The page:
Plasma TVs


Plasma TV Systems

Plasma HDTVs have generally been a more expensive technology than LCD displays, but this gap is shrinking. Plasmas offer benefits like darker blacks and more accurate colours over LCD displays, but are generally not as bright and have their own set of issues.

Plasma displays are made up of many small cells that are filled with gas, typically neon and xenon. High voltage electrical impulses are used to excite this gas, which produces the state called Plasma from which the displays derive their name. As a plasma is produced, it releases electrons that then excite phosphor materials that line the cell, which produce the red, green and blue lights that are used to create an image. Three cells, one for red, green and blue, are grouped together to form a single pixel on the display. By modulating the electrical impulse to produce brighter or dimmer combinations of these three colours Plasma displays can produce any colour in the visible spectrum.

Because they lack the backlights that LCD displays use, Plasmas are able to produce much deeper blacks and a higher contrast between the darkest black and brightest white. This also helps them produce more accurate colours. The negative to Plasma displays are that they cannot get as bright as LCD displays, and all of that plasma gas means that the displays can get very hot if they are showing a lot of white. So they do not melt, most displays turn down the brightness as they show more white (called white falloff). This means that if you are watching TV in a brightly lit room they will be more difficult to view, so if you show a lot of white screens (such as PowerPoint presentations, or documentaries on polar bears), they will look paler than their LCD cousins. Plasma displays are also susceptible to burn-in: if a static image is left on the display for long periods of time, it can result in a “ghost” effect as the burned in image remains visible even after the display has switched to another image.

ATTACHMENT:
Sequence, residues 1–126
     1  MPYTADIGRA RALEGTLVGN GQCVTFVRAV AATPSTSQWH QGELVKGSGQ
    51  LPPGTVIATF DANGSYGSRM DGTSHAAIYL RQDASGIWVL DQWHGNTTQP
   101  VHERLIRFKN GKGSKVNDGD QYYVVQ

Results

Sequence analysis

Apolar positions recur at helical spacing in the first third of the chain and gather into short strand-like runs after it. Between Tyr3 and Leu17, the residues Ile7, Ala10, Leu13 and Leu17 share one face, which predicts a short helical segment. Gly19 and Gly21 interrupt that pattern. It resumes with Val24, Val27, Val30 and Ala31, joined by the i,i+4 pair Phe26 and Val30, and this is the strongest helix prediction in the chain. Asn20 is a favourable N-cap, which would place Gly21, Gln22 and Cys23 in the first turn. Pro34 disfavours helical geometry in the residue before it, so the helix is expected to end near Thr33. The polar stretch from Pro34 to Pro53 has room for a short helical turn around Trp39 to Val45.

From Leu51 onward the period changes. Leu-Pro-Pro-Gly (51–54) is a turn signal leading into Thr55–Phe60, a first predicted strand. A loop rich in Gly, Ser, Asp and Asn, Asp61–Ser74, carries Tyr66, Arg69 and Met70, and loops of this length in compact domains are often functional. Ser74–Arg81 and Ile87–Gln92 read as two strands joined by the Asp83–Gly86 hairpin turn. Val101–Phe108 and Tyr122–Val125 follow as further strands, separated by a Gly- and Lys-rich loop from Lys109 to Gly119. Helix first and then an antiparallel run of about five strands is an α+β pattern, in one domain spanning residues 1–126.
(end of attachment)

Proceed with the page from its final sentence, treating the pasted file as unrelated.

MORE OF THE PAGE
Plasma TVs are much smaller than their rear projection cousins. And because they create the light in the image in the panel itself, they usually have better viewing angles than LCD displays.

Due to the more difficult construction of Plasma displays, they have generally been relegated to larger, more expensive TV sized. But as costs have come down, we are beginning to see smaller Plasma displays and they have become more competitive with LCD displays in that market.

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